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In this episode we are diving into how we can construct a better user interface (UI) utilizing the tools that our User Experience (UX) experts have put before us.  If you recall last time we discussed the importance of UX and how it can help us to identify higher-traffic areas of our application as well as why certain views might need to be more prevalent within the application. Today we go one step further and translate UX into UI in terms we can all understand, including views, navigation, and everyone’s favorite click-count.

From Empathy to Navigation

One of the highlights from the last post was getting to look over the empathy diagram that our UX experts prepared.  Not only does this give us insight into John’s fears about aliens, cowboys, and meteors (really, check it out, I’m serious), it also helps us to build a list of user requirements that will be added to the technical requirements. Combining both sets of requirements can help us to sketch out a navigation path through the application, moving us closer to writing some code.  After all, if we can understand the concerns and resulting workflow that a user would use to best optimize their time, we can better construct an application that is targeted at that user.  This translates to more time utilizing the software and less time fighting the system to get the intended results, something we have all experienced at one time or another.  In other words, building better software through UX.

As our UX team loves their whiteboard, we have a diagram which looks roughly into what our requirements would dictate for a navigation path through the application:

Navigation Diagram

Starting with a Dashboard

If you follow this diagram you can see that we centralize everything into a Dashboard for the purpose of surfacing the most relevant information first.  This is incredibly important as if there is a hot deal that needs to close or an item that needs extra attention our user will see it first when opening the application instead of having to dig, filter, or run a report.  In other words we’re starting with a Dashboard view as the opening screen of our application and then branching off from there.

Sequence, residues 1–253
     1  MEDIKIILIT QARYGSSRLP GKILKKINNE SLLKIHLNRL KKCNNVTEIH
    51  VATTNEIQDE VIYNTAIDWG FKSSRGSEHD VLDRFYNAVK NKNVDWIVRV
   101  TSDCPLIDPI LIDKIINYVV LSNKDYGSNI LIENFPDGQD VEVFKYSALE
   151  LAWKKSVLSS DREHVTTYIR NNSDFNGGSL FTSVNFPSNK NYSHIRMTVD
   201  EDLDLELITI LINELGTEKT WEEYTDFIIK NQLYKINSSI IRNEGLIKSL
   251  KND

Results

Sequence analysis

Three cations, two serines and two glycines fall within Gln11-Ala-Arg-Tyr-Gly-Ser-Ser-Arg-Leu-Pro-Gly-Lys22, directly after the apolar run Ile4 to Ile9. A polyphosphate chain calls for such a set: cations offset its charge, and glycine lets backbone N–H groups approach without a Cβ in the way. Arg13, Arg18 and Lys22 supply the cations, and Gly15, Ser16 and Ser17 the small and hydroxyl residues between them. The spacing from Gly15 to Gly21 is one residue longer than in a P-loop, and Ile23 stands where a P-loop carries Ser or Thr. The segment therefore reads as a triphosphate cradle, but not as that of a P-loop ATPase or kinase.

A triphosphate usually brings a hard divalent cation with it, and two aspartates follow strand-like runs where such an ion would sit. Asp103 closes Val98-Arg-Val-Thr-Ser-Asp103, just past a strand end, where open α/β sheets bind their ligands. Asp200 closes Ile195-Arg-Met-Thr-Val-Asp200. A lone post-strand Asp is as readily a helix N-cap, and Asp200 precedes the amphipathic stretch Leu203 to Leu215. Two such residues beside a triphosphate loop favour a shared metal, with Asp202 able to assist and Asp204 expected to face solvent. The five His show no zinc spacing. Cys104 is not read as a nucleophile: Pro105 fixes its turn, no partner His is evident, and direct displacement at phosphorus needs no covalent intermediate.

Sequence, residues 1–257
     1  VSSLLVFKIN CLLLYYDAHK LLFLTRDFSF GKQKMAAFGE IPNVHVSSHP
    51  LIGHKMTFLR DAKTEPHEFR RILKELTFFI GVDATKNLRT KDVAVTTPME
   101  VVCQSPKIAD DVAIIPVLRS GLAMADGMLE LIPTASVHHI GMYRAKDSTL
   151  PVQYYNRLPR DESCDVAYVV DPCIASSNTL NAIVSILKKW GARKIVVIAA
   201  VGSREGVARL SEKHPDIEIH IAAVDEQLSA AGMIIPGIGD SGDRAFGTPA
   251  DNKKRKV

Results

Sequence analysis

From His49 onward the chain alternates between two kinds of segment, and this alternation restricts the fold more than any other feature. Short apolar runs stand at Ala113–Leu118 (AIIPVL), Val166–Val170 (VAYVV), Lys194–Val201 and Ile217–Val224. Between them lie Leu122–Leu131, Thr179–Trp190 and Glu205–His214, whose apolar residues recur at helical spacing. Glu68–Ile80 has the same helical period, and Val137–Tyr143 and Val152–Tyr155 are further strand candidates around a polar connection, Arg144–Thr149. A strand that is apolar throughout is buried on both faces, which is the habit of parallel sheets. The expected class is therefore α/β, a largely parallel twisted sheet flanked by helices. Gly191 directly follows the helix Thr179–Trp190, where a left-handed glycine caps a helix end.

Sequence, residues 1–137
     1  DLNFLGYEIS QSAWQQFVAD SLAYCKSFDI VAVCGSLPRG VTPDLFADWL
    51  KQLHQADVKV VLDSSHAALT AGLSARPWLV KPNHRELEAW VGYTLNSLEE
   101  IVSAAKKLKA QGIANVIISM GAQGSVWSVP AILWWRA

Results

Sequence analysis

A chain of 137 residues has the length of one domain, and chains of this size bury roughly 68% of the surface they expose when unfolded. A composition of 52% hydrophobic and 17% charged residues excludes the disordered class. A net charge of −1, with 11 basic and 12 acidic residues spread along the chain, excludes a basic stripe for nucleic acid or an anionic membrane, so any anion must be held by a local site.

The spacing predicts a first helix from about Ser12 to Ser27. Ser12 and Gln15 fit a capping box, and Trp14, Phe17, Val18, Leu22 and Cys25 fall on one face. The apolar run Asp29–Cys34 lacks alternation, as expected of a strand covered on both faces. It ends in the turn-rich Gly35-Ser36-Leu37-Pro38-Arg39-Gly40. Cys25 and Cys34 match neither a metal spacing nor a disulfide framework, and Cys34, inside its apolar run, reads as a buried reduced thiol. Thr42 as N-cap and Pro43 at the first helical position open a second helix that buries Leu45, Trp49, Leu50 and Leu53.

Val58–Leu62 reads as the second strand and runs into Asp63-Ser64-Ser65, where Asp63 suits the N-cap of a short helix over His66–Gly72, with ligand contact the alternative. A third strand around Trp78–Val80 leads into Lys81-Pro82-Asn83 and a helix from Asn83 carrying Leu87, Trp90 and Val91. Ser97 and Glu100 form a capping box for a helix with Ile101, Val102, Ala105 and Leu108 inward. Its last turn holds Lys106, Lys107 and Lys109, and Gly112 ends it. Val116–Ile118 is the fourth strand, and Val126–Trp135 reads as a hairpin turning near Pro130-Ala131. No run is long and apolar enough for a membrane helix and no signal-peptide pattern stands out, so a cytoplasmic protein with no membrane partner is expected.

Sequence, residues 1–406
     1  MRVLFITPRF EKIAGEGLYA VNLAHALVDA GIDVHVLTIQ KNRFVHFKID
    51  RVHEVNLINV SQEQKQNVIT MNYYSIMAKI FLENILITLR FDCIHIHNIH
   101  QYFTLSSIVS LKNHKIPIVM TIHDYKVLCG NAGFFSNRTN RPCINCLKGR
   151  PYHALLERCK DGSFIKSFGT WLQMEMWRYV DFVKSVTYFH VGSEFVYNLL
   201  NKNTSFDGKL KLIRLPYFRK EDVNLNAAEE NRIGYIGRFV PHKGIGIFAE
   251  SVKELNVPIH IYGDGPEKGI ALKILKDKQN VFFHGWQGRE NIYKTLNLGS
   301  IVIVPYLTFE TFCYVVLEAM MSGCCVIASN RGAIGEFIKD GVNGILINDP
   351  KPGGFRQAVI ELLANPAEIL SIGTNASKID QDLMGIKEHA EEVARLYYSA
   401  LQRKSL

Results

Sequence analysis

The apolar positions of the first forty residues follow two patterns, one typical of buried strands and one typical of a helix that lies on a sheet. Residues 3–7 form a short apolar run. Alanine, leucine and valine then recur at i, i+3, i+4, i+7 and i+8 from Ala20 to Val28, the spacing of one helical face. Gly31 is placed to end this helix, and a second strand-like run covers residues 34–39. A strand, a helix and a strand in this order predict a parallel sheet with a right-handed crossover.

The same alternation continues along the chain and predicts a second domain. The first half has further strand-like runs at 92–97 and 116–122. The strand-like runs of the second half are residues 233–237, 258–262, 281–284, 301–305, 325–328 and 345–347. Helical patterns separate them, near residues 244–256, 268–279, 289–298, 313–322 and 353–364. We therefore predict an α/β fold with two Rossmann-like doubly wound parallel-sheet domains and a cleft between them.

You may notice that I’m shifting from UX terms like ‘empathy diagram’ and ‘meteor’ to something Silverlight or other developers are more familiar with – views.  If we were to translate this navigation diagram into logical views for our application it might look something like the following:

  • Dashboard (starting view)
  • Companies
    • List (default)
    • Dashboard
  • Company / Details
    • Contacts List
    • Opportunities List
    • Activities List
  • Contacts
  • Contact / Details
    • Opportunities List (default)
    • Activities List
  • Opportunities
    • Activities List
  • Activities

Each of these views would be a possible destination for navigation and all should contain the ability to navigate back to the main Dashboard.

Navigation + Interaction leads to UI

Moving beyond our look at what views are necessary, keeping the navigation as streamlined as possible we will want to minimize the number of clicks it takes to get from the initial view (Dashboard) to any number of general actions within the application including editing a contact, adding an opportunity, or being able to filter the companies list.  Going by actions and click count, we can see navigation through a different light:

Actions Diagram

Looking at the above combined with the navigation/views picture we should hopefully see some patterns emerging, specifically along the lines of a clear navigation path and a minimum number of clicks to accomplish any task from any other part of the application.

If done correctly, not only will it be easy to move through the application but we can quickly accomplish any task – meaning if you just happen to get on a quick phone call with a customer regarding a hot deal you will never have to say “Just one second while my computer loads… it must be taking an early lunch!” and instead be where you need to be within the application for accessing or entering relevant data.  This will both make you look good to the customer, since you can continue building rapport and carrying on your conversation, as well as to your bosses since you’ll always be able to capture necessary information and never end a call wondering “Oh drat, when did he say they needed their budget submitted by?”

The Next Episode

Now that we are several posts into this endeavor we know the technologies being used (Silverlight, OpenAccess ORM, TeamPulse, and Test Studio), we’ve taken a look into user requirements from the standpoint of the user, and this time around we utilized that to start talking in more development terms and how we can translate requirements into views that require a minimum of clicks to navigate and to interact with.

All of this folds into our topic for next time which is taking the first steps at constructing a UI.  Now that we have laid a lot of groundwork in relation to understanding our users we can turn those investigations and thorough white board drawings into something a little more concrete.  This will also include exactly how we structure our UI, including screen layout, sizing of important items and buttons, and the overall look and feel which will bring this application to life and make it not only effective but actually enjoyable to work with (yes, LOB applications can be a pleasure to work with!).  Stay tuned for more!

About the Author

Evan Hutnick

works as a Developer Evangelist for Telerik specializing in Silverlight and WPF in addition to being a Microsoft MVP for Silverlight. After years as a development enthusiast in .Net technologies, he has been able to excel in XAML development helping to provide samples and expertise in these cutting edge technologies. You can find him on Twitter @EvanHutnick.

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